Graham Boyack: It's good to talk '“ how communities can be helped to shape plans for the future

Last month, Scottish Mediation joined those who want the best for our ­planning system by signing up to the Scottish Alliance for People and ­Places. The Alliance has been formed to bring together progressive ideas to feed in to the Scottish Government's Planning Bill announced as part of its programme for government for 2017-18, A Nation with Ambition, laid before Parliament last week.

Graham Boyack, director, Scottish Mediation.
Graham Boyack, director, Scottish Mediation.

So, what would a progressive ­planning system look like?

It should seek to ­provide an opportunity for people to shape the places in which they live. It should encourage ­sustainable development and allow for strategic consideration of housing and infrastructure needed for society to ­operate effectively. So, what has mediation got to do with all of that?

Scottish Mediation and others believe that the use and skills of mediation will be essential ­components in ­delivering successful outcomes.

If the planning system is to improve, then one way will be to involve communities in shaping the future when local development plans are agreed.

The community’s involvement in shaping those discussions earlier would lead to a better understanding of what’s wanted locally, what’s possible and what will work. Here are some of the ­reasons that using mediation skills can help:

Flexibility – mediation can provide the opportunity for solutions to be developed that may not be possible in an adversarial system.

Efficiency – the effective use of mediation, particularly as part of pre-consultation processes, has the potential to speed up the process.

Ownership – greater involvement of the community gives the potential for wider community ownership of developments.

Maintaining relationships – the opportunity to retain or rebuild trust where stakeholders are likely to meet again.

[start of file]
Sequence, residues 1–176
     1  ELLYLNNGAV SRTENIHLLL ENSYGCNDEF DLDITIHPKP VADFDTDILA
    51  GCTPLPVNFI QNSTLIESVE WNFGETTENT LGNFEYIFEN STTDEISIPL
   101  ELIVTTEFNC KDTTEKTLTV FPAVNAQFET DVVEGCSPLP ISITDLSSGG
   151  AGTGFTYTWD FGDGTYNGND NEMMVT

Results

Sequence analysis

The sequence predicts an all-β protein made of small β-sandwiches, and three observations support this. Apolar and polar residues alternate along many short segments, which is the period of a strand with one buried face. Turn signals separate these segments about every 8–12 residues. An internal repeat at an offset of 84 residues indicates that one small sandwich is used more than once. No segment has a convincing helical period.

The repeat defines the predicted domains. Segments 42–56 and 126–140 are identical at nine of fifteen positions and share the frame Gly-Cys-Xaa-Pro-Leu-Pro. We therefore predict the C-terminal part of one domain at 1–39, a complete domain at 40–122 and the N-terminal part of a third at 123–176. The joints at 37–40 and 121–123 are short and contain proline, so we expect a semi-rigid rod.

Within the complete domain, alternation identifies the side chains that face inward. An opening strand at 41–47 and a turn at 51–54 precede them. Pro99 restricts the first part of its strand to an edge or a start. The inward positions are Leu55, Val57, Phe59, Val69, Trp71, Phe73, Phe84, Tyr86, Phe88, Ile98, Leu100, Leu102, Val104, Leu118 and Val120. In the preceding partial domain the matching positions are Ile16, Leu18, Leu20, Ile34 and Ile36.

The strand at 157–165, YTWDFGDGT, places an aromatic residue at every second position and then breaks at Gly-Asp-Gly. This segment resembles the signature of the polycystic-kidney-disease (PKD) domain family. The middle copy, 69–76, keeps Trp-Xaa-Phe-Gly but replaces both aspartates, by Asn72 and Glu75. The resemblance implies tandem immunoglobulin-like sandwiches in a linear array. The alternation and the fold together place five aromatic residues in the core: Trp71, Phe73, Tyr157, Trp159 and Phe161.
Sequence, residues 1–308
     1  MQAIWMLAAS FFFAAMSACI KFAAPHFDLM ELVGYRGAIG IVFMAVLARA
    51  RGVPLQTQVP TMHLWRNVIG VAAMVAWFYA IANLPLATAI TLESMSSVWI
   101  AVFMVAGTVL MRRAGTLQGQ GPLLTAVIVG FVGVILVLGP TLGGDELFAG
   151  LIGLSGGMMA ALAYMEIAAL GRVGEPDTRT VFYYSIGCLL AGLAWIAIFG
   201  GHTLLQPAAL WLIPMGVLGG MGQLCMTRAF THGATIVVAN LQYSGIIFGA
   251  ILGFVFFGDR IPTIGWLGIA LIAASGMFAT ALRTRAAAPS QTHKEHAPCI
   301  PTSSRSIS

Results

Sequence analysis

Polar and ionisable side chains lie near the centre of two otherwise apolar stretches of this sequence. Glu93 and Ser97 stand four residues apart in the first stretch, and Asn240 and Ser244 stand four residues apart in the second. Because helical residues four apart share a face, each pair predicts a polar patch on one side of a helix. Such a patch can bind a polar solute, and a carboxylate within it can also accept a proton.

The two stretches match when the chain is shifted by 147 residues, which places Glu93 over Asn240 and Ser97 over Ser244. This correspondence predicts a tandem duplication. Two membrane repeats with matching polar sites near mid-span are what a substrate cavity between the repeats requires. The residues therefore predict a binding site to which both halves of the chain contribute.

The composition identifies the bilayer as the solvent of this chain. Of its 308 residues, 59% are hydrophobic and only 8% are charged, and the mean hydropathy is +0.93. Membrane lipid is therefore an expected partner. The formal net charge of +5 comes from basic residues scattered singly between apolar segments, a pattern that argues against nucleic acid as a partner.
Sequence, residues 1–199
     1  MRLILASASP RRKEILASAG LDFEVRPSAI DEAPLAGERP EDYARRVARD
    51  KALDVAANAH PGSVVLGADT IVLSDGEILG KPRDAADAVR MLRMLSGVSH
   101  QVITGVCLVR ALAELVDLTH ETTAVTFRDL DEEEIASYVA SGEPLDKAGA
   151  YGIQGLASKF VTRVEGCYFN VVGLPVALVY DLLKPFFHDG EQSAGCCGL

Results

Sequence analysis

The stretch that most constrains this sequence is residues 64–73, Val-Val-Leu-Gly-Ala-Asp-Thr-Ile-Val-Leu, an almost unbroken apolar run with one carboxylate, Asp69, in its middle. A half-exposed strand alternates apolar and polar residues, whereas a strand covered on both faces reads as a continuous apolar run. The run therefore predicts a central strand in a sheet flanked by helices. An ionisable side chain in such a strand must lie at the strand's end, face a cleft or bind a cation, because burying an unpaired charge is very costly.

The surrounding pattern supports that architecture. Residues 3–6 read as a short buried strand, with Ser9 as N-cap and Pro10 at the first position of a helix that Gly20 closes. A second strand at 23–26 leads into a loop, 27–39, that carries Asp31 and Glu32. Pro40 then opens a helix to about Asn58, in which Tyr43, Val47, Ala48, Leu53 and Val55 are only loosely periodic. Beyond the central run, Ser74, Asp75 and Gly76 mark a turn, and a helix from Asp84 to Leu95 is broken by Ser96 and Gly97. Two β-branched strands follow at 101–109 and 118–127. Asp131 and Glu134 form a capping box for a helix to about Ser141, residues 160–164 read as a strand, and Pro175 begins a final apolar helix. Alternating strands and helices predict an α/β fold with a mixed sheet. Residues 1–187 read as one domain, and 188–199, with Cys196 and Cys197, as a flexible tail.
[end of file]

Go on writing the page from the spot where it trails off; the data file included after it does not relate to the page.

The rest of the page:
Accessibility – mediation ensures that different voices are encouraged to contribute.

Shared learning and capacity building – by equipping people with mediation skills, communities can benefit in the longer term.

Creativity – when people are guided in using mediating ways to resolve their differences, it can spur a third way from which all benefit.

It is my belief that applications to develop in this context are less likely to be as contested as the notion of “where has this come from?” will likely be reduced.

But perhaps the main impact of mediation skills would be in changing the dynamic of the early stages of planning discussions.

By focusing on the interests of all those involved, it may be possible to better engage communities in the decisions that affect them.

This can take place prior to ­getting into the quasi-legal process that tends to push people and organisations apart, as being for or against proposed developments. Ideally, therefore, mediation would be implemented as early in the process as possible, with the earliest stages of development planning being the ideal starting point.

To spread the skills of mediation, I believe they need to be included as core skills for planners, be an essential part of delivering community empowerment and their spread into communities would have wider ­benefits for other discussions too.

What if disputes occur once the application has been submitted? Whilst the mediation can play a part in the early stages of application there is also great potential in resolving ­disputes once they arise during the process.

That could work either by using examples such as New Zealand, where specialist courts use mediation and often even by narrowing ­disputes make a difference to the planning process. In Scotland even when an issue gets to the Planning Reporter (and is not to be dealt with by ministers) mediation may be suitable.

Whilst other countries have been the pioneers in using mediation in planning it is not too late for Scotland to be an early adopter and innovator by using mediation to counteract power imbalances (real or ­perceived) in the Scottish planning system. Taking the first steps now would be a step towards a more collaborative and inclusive future planning process with community empowerment and mediating ways at its heart.

The Alliance includes organisations such as the Royal Town Planning Institute, The Royal Institution of Chartered Surveyors. Scottish Federation of Housing Associations, Paths for All, PAS, Royal Society for the encouragement of Arts, Manufactures and Commerce, Scottish Mediation, Institution of Civil Engineers, COSLA, Scotland’s Towns Partnership and National Health Scotland.

Graham Boyack, director, ­Scottish Mediation.